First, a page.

Wearing Paloma Picasso
We leaned — two strangers — over
a balcony at a party where a tree
below, thick with blossom and bees
gave what you thought was a desirous scent.
What is the name of that tree, you asked
and I who could not smell it
or my own French perfume, newly splashed
about my throat and on my hair
said I didn’t know. Did those
white packed blossoms smell at all?
Were bees good judges? It’s me
I wanted to say to the fool. It’s me.
Elizabeth Smither has published 14 collections of poetry, including the prize-winning A pattern of marching (Auckland University Press, 1989), winner of the New Zealand Book Award for Poetry, 1990, and The Lark Quartet (Auckland University Press, 1999), winner of the Montana New Zealand Book Award for Poetry, 2000.
She was the third, and first woman Te Mata Estate poet laureate and Red shoes (Godwit, 2003) was the result of her two year term (2001–2003).
Her most recent publication is A question of gravity; selected poems, edited by John Kinsella (Arc Publications, UK, 2004).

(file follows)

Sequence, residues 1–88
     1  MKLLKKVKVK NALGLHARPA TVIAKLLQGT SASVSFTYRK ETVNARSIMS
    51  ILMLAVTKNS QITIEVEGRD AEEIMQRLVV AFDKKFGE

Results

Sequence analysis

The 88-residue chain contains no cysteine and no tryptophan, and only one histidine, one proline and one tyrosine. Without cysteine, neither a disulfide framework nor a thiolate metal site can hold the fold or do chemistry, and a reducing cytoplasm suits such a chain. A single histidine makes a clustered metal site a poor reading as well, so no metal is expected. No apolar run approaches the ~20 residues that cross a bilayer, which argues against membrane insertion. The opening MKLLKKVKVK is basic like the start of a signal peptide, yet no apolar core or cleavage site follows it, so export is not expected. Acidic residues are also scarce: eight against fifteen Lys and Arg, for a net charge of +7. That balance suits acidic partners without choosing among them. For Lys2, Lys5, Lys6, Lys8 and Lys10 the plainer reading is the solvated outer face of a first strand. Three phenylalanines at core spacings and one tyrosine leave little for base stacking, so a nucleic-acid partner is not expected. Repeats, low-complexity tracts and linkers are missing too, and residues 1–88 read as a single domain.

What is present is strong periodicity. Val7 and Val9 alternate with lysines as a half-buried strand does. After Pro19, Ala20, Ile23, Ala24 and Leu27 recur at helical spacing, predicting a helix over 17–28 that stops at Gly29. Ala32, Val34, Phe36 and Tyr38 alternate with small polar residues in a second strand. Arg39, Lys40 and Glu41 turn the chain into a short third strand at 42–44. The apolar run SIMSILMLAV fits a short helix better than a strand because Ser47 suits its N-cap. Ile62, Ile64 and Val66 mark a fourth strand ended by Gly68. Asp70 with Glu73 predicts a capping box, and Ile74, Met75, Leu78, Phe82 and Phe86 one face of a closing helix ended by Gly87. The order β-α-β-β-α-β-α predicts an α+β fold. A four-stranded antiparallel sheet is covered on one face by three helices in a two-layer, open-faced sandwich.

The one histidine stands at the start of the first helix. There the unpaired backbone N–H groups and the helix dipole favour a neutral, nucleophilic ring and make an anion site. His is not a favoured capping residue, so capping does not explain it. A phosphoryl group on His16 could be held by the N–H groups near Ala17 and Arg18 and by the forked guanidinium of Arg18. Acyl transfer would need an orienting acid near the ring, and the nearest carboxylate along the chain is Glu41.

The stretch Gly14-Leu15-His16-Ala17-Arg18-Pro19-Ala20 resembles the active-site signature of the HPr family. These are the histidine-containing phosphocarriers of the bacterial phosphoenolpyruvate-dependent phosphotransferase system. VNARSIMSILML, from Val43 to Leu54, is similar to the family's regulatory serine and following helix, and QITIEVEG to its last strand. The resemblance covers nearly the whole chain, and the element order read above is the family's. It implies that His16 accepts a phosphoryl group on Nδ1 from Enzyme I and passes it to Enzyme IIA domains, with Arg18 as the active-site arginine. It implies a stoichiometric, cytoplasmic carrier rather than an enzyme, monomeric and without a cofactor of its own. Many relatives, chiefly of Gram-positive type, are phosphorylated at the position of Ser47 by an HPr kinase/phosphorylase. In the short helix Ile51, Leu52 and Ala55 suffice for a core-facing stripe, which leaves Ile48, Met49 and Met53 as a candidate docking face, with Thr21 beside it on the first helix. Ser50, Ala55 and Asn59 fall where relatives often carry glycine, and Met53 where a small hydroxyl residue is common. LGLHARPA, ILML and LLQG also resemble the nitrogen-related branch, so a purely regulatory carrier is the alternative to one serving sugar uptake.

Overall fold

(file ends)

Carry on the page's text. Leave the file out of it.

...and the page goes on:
Smither comments: ‘I have always loved wearing Paloma Picasso, the perfume designed by Picasso’s daughter, of the dark hair, short legs and red lipstick. Though it is probably too sophisticated for day wear and definitely too exotic for a library information desk, I splash it on each morning. “Women who wear chypre fragrances take charge of their lives. They resolve problems in a practical, uncomplicated way. They accept responsibility and project self-assurance and strength of will”. This is encouraging though it hardly sounds like me. I was wearing it on a bus in Paris when an American woman said in a loud voice “Someone is wearing too much perfume” and I was wearing it standing next to a man looking at a blossoming tree festooned with bees. I knew the tree had no scent, it was Paloma Picasso he was smelling. For what tree could compete with notes of bergamot, neroli and jasmine, rose, ylang-ylang and coriander, patchouli, vetiver and amber?’